Anyway, the Office Depot didn’t have what we were looking for, so we decided to look for a lunch place. Every city in Mexico is required to have at least four restaurants per block, except Tapachula. We wandered the area around the Office Depot, and found nada. We decided to head back to the Home Depot, which is across the street from a mall that had restaurants. We had seen that the city buses were air conditioned, so we took a bus back for the mile or so to the home depot. At six pesos each, the cold a/c was a bargain. We were hoping to find a UV water filter at Home Depot, but it was another nada experience. We did pick up some more five micron filters for the watermaker, so it wasn’t a clean bust.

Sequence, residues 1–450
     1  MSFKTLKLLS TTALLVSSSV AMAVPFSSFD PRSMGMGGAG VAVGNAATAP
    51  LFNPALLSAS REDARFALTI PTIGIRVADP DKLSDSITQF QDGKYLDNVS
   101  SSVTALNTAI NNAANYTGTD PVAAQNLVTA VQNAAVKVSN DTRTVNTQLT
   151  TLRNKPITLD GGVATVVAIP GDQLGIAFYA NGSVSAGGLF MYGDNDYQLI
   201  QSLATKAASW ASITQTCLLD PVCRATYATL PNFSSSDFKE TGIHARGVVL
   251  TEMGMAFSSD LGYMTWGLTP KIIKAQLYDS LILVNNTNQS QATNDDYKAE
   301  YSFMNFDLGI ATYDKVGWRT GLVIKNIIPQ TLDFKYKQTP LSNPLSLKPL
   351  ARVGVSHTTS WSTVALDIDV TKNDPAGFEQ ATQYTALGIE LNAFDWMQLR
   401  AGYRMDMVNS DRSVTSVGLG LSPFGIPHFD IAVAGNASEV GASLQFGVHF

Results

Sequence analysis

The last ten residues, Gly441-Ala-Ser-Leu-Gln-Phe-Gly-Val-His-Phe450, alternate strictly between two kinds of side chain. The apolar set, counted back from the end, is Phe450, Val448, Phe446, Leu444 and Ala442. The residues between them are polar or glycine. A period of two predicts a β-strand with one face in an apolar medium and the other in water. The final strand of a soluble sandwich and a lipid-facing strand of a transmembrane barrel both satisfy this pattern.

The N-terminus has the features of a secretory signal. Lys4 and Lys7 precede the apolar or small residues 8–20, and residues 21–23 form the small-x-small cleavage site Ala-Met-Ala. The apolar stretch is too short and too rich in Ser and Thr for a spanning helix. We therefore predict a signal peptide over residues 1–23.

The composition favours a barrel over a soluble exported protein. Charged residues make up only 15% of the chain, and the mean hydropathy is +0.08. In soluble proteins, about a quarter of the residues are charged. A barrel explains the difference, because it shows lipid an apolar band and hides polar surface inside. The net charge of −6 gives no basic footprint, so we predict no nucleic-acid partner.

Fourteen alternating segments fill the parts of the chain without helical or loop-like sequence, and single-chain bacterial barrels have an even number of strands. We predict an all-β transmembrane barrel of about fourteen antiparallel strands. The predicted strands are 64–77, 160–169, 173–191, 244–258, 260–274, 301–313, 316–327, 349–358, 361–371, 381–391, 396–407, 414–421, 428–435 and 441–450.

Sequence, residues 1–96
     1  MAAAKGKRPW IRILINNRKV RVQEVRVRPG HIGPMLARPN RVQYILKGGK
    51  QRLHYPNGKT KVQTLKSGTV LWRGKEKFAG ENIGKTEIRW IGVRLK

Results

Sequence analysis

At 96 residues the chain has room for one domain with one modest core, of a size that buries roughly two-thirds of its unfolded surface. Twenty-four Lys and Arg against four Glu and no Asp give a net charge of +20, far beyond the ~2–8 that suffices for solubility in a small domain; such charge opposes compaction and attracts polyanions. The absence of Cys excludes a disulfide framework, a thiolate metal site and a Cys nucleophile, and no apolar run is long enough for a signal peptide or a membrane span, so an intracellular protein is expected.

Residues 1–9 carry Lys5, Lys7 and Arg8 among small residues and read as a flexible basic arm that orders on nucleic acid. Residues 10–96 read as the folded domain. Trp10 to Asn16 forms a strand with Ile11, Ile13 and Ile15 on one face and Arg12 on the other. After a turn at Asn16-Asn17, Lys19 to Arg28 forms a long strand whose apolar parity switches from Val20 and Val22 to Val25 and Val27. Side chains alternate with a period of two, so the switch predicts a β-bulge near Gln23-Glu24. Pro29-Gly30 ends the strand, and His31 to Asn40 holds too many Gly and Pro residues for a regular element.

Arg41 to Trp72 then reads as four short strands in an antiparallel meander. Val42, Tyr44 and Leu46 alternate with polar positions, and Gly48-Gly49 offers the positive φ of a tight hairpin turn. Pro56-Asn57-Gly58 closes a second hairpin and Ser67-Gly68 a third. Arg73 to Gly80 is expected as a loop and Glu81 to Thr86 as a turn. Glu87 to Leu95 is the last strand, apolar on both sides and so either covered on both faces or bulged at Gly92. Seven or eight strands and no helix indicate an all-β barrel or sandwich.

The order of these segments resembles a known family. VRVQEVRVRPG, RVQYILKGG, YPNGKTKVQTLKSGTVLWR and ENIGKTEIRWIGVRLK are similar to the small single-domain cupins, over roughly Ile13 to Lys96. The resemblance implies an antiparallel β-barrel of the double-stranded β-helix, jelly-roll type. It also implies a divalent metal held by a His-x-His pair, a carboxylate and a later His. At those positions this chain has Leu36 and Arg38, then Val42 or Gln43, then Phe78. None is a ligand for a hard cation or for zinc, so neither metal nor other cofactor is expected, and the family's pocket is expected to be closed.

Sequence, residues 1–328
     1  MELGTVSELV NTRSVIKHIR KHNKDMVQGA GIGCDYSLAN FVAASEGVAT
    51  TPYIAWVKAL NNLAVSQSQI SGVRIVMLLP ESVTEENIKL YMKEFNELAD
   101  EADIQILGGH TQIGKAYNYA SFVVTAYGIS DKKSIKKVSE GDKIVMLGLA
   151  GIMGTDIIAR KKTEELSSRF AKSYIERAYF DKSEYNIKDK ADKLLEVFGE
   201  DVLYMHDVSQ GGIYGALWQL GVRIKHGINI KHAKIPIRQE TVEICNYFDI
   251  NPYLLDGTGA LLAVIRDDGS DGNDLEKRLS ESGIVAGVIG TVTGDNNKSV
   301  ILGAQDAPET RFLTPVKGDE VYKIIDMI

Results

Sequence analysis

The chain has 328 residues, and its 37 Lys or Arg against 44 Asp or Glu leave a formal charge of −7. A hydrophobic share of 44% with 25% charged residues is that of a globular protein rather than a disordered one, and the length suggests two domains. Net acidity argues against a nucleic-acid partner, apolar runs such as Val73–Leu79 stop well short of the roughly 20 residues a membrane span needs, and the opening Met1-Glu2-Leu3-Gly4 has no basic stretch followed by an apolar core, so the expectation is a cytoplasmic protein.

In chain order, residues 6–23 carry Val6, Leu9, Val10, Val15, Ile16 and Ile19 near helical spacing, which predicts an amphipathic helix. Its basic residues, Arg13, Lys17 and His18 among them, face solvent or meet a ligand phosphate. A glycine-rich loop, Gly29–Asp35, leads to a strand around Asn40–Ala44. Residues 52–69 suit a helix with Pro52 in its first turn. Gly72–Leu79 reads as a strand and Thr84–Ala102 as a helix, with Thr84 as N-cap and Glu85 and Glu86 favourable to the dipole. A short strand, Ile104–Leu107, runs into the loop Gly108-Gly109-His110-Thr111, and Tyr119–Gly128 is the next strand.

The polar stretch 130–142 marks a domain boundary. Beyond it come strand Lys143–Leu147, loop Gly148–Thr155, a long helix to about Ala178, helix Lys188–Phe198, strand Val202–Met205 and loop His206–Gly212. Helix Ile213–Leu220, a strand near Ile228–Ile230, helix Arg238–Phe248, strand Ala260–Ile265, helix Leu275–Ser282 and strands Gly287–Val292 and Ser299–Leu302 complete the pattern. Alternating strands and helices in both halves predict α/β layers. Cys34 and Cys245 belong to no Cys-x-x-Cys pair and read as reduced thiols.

We went across the road to the mall, and had a decent lunch. The inside of the mall connected to the Walmart grocery store, so we picked up some more provisions. As is typical in Mexican stores, we had to check in our Home Depot bag. Once we had finished provisioning, we hailed a taxi for the ride back to the marina. We agreed on a fare of two-hundred pesos. Just before turning into the marina, we remembered that we had left the Home Depot bag at the Walmart – d’oh! We decided that I would go back for it while Rose put the provisions away. I explained to the taxi driver, and he agreed to take me back to Tapachula and back again to the marina for another two-hundred pesos, which I thought was more than fair.